PANJIM: The badminton playing community at the SAG grounds has upped their ante against Sports Minister Govind Gaude for his arbitrary decision to alter their play timings and even casually suggest another venue for them to accommodate players who would enroll under the Khelo India project.
Professional players, those training for tournaments, and other regulars at SAG have shot off a letter with 200 signatures to Chief Minister Pramod Sawant, Sports Minister Govind Gaude, Panjim, and Taleigao MLAs, Director Sports and senior members of the sports administrative body, stating that for 30-odd Khelo India players, hundreds of taluka, district and State badminton players besides regular RCC Trainees and students, cannot suffer.
The letter points out that the Khelo India Centre of Excellence is limited to 30 trainees (which too remains unfilled) while there are whose play timings have been affected by the restrictions enforced at Campal.
There are also Senior (men & women) players and Masters Players who regularly practise at these venues to compete at the state, national, even international levels. The diktat on timings threatens to snuff out their aspirations as well.
The indoor stadium, the letter stated, was built for the general public, to encourage them to take sports and fitness. It has since become an integral part of their lifestyle.
To add insult to injury, the decision was taken without consulting stakeholders of disciplines in question despite various objections by the state badminton, table tennis and swimming associations.
The letter highlighted the fact that a Khelo India Centre of Excellence needs dedicated time slots and a secure environment, lacking at the Campal centre, the absence of which deters parents to send their children there.
The situation will scupper the efforts of the SAG and state sports associations who run coaching and training programmes. This would in turn destroy the morale and future of badminton players and stakeholders, the letter expressed.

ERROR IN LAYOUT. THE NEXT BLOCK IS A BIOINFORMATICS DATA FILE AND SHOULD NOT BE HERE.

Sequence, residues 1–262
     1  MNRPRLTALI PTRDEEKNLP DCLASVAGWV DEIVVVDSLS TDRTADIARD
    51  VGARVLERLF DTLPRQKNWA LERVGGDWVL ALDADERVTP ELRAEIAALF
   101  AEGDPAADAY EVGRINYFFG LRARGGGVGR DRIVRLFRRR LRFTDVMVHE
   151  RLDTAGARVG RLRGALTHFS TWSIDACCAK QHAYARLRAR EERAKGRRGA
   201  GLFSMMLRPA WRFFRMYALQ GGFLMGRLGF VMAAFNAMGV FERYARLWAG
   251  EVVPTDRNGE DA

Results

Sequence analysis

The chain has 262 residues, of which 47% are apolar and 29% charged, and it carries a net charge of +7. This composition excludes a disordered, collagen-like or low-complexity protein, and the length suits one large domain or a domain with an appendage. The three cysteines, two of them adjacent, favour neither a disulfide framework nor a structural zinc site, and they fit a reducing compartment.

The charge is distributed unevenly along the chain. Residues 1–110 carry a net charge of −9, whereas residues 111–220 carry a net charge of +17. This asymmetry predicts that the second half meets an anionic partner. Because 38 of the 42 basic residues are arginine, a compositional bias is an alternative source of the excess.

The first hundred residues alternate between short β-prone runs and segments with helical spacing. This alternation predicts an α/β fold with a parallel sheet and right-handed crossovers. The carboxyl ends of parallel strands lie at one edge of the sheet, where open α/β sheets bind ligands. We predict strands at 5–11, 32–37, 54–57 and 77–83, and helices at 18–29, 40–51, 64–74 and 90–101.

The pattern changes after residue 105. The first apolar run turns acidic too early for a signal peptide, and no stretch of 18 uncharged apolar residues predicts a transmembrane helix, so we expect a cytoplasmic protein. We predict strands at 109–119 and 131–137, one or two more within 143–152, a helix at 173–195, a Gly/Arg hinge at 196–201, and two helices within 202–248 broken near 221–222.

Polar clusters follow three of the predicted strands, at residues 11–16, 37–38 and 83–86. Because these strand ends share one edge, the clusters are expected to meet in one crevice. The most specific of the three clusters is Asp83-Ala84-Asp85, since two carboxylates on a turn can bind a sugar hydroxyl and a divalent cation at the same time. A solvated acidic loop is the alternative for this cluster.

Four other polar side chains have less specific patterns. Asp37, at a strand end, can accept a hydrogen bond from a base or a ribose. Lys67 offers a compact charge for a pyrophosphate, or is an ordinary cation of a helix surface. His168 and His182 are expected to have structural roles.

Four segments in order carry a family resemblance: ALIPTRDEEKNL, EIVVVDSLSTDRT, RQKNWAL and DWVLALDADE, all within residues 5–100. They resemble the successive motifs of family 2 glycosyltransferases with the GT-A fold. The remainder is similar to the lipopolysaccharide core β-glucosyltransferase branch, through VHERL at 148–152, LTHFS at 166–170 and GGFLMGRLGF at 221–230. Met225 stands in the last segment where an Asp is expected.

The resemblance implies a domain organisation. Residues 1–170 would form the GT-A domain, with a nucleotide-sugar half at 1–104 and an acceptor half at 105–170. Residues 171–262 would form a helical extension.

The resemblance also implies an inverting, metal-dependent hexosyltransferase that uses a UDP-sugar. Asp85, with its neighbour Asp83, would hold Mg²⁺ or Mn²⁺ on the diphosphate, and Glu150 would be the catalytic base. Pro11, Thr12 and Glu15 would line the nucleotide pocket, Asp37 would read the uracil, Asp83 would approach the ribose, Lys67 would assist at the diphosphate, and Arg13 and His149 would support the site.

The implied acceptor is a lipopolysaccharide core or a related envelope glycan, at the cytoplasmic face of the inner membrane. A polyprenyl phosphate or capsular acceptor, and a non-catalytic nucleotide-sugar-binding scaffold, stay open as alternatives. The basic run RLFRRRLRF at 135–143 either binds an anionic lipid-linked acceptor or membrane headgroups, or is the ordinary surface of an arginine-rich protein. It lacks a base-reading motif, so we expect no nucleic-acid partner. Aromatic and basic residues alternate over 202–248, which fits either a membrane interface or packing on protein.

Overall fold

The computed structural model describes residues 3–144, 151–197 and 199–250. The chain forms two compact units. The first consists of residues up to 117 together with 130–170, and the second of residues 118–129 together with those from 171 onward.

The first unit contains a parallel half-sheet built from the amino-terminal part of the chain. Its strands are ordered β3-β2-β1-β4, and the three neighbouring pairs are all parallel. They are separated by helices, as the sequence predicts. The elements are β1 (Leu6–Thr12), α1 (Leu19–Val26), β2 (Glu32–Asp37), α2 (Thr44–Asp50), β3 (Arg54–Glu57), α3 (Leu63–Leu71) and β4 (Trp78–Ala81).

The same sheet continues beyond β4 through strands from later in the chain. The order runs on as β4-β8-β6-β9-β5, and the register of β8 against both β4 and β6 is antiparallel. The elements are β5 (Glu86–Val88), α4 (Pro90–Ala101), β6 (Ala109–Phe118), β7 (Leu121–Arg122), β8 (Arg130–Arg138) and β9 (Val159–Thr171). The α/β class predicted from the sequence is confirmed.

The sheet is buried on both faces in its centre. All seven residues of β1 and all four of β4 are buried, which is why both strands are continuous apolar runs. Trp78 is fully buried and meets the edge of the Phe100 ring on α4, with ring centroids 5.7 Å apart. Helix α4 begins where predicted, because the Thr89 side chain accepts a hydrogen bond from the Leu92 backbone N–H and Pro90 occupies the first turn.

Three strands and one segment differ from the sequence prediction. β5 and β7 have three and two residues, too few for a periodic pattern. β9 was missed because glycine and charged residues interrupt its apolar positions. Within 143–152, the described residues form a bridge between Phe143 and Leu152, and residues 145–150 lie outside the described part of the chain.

The signatories made a fervent plea to move the Khelo India Centre of Excellence to Peddem Sports Complex with immediate effect. They reasoned it is a secure and ideal location. Doing so would render the Indoor Stadium and swimming pool at Campal available to the general public who have been enjoying the facilities for decades.
The harm that time restrictions at the Sports Authority of Goa, Campal, have caused the badminton community, especially district and state players, is best illustrated by Sushil Naik’s case.
He is 19 and is ranked No. 2 in the state in the singles category. Naik has been earning laurels for the state and has a bright future. He would practise in the evenings from 5.30 pm till 7 pm or even later. Not any longer.
This adversity stems from the decision by the SAG to allocate the relevant time periods to members of the Khelo India programme from August 1. The time allocated to the general public is inconvenient for a competitive player, say at the district or state level. It also deprives a player who is either studying or working.
Ayan Sheikh, another promising youngster, faces a similar problem. He plays mixed doubles, doubles and singles and is ranked in all categories. The change in timings means he struggles to get adequate on-court time. The much-heralded Khelo India initiative may be very welcome but it has certainly created problems for players who represent the state.
It’s as the soft spoken Naik put it, “a bit of a mess”.
For parents of players it has been a very frustrating experience. Astrid Dias’ mother, Lavina, is concerned about her 11-year-old daughter. “I think the government initiative is great, but why Campal? Why not Peddem?” she asks. Lavina pointed to the many courts available there along with the SAG hostel and the running track. She is perturbed about how things have turned awry at Campal.
“My daughter, along with beginners, would gain from coaching during sessions between 3 pm and 4.30 pm for beginners and intermediates, followed by and 4.30 to 6.30 for RCC training. The afternoon was dedicated to the children. Now, three groups come together at 2.30pm. My daughter returns from school at 2.15 and doesn’t have time to catch her breath.
Arnold Rodrigues, father of Aloysius -- a state ranked sub-junior player – can’t bear to see his son in tears. “His day would start at 5.15 am and he’d be practising at 6 am for an hour before going to school,” he said.